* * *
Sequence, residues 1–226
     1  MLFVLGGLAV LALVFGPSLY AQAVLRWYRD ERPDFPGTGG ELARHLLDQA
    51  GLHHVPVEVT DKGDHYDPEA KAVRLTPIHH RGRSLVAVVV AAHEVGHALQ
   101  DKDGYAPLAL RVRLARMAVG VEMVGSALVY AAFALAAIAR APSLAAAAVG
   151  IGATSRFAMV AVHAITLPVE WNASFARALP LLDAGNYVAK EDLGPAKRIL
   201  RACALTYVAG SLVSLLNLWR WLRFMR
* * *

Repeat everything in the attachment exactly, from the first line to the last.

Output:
Sequence, residues 1–226
     1  MLFVLGGLAV LALVFGPSLY AQAVLRWYRD ERPDFPGTGG ELARHLLDQA
    51  GLHHVPVEVT DKGDHYDPEA KAVRLTPIHH RGRSLVAVVV AAHEVGHALQ
   101  DKDGYAPLAL RVRLARMAVG VEMVGSALVY AAFALAAIAR APSLAAAAVG
   151  IGATSRFAMV AVHAITLPVE WNASFARALP LLDAGNYVAK EDLGPAKRIL
   201  RACALTYVAG SLVSLLNLWR WLRFMR